Brief Notes

The Boards,
the Bars, &
the Oneness (1)

13 September 2023

Any Christian virtues we
express must in reality be
a manifestation of
the humanity of Christ

The Apostle Paul begins Ephesians 4 by exhorting us to keep the oneness of the Spirit with our fellow believers in Christ:

I, therefore, the prisoner of the Lord, beseech you to walk in a manner worthy of the calling with which you were called, with all lowliness and gentleness, with longsuffering, bearing one another in love, endeavoring to keep the oneness of the Spirit in the bond of peace.
— Ephesians 4:1-3

As I commented in the previous Note, if we as believers really practiced this today, there would be so few divisions among us! (See “Walking in a Manner Worthy of Our Calling.”)

Yet, how are we to do this?

As most of us are probably aware, if we try to practice this in ourselves we will very soon be frustrated as we encounter problems and difficulties in the church life. Yet, such negative things are the very means the Lord uses to help us find the answer: to genuinely keep the oneness, we need to experience the humanity of Christ.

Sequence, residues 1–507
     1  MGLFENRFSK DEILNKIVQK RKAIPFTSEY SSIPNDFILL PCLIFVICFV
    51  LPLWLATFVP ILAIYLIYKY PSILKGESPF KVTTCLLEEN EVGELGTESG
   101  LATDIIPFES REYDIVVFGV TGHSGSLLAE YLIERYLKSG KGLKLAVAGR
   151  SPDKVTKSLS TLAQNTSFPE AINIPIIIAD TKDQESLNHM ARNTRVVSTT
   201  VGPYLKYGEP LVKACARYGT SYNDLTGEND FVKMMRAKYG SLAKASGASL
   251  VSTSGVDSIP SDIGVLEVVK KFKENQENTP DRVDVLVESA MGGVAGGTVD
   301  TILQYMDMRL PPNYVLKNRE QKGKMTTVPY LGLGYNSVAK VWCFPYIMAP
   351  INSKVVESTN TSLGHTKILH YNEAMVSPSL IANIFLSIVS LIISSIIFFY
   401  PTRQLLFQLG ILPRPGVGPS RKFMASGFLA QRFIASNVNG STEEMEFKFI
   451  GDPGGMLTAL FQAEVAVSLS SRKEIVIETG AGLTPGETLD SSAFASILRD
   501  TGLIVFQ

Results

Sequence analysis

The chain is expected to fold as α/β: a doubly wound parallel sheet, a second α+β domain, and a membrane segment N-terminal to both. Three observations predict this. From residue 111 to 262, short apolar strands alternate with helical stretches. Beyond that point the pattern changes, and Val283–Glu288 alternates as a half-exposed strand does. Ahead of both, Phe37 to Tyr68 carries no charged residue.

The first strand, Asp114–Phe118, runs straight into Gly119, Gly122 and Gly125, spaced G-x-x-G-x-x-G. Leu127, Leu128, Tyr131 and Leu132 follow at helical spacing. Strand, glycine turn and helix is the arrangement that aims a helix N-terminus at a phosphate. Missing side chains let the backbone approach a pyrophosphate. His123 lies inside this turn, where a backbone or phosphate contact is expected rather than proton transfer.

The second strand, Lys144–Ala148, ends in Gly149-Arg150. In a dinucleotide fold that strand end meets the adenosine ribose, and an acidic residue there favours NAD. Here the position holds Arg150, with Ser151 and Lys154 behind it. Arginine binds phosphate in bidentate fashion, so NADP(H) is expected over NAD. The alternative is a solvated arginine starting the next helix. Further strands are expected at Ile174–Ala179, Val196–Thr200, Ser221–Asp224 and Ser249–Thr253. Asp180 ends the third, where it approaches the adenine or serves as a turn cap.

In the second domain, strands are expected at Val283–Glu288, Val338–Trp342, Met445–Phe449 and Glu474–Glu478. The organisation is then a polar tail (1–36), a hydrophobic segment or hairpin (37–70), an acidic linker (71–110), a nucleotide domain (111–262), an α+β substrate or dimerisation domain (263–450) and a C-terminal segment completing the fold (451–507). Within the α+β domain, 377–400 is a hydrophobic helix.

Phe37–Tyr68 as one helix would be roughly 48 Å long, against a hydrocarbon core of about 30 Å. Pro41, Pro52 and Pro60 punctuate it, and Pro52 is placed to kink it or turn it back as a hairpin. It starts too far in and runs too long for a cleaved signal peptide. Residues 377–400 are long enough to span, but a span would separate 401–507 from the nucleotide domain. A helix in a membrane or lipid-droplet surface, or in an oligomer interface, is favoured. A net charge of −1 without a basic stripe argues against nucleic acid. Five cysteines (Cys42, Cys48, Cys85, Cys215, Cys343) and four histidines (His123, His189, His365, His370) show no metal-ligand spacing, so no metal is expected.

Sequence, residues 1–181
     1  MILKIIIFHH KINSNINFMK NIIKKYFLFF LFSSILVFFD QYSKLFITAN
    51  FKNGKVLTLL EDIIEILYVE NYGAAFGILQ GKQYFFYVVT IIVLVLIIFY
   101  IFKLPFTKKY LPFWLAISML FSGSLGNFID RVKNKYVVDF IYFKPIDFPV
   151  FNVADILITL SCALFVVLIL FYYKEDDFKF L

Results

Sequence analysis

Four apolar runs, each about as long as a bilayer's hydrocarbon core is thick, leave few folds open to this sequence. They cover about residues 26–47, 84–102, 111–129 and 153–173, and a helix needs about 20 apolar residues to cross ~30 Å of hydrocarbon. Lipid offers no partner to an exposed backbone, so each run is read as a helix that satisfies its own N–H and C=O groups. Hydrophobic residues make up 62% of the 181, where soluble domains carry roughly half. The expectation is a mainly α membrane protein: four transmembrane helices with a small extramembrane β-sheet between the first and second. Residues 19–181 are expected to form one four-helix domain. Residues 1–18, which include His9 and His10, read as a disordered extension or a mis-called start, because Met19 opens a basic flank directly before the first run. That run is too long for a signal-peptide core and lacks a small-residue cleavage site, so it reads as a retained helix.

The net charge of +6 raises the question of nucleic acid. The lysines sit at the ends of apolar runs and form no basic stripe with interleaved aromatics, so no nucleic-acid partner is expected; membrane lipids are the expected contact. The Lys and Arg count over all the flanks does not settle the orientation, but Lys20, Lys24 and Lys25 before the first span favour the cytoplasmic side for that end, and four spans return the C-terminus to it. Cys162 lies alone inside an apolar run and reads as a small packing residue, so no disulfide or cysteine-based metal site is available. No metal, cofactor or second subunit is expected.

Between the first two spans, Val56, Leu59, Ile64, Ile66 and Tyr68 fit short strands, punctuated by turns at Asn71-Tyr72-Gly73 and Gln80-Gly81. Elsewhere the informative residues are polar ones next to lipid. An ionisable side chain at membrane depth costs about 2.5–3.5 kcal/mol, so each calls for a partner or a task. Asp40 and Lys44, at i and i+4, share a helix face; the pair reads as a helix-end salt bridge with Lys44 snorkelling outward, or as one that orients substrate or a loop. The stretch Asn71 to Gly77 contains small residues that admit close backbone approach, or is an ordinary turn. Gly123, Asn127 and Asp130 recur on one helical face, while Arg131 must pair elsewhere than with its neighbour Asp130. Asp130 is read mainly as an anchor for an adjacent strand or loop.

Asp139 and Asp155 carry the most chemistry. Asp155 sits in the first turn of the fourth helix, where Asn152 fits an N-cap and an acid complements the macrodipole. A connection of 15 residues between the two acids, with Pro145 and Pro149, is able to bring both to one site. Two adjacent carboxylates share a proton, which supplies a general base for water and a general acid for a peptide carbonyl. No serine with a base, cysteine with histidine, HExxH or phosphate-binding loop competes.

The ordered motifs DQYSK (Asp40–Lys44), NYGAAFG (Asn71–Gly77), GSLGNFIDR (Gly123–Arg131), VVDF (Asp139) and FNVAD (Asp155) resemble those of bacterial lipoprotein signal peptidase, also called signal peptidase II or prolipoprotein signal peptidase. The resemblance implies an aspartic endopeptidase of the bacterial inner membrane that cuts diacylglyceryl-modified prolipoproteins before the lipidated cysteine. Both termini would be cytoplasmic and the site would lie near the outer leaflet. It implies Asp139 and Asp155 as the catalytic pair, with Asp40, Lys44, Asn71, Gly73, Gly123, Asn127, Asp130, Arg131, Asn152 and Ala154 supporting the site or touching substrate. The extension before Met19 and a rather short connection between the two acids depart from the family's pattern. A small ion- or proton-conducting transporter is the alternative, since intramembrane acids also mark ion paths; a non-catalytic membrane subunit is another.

We may see this by comparing Paul’s statement above with the Lord’s own word regarding Himself, when He called the people to come to Him for rest:

“Take My yoke upon you and learn from Me, for I am gentle and lowly in heart, and you will find rest for your souls.
— Matthew 11:29

Here the Lord refers to Himself as being “gentle and lowly in heart.” So, the virtues of “all lowliness and gentleness” that Paul calls us to express in order to keep the oneness with our fellow believers are in reality the virtues of the Lord Himself. Thus, it is only when we allow the Lord to live within us that we can manifest these virtues in a genuine way.

To say it another way, our expression of “lowliness and gentleness,” and for that matter, of any other virtues of the Christian life, must not be something merely of our own goodness; rather, it must be the expression of Christ Himself living within us, as we partake of His divine life and nature (cf. John 1:12-13, Gal. 2:20, 2 Pet. 1:4).

We see this not only in the plain words of the New Testament, but also in the picture of the tabernacle in the Old Testament, as we shall consider in the next Note in this series.

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— 13 September 2023 —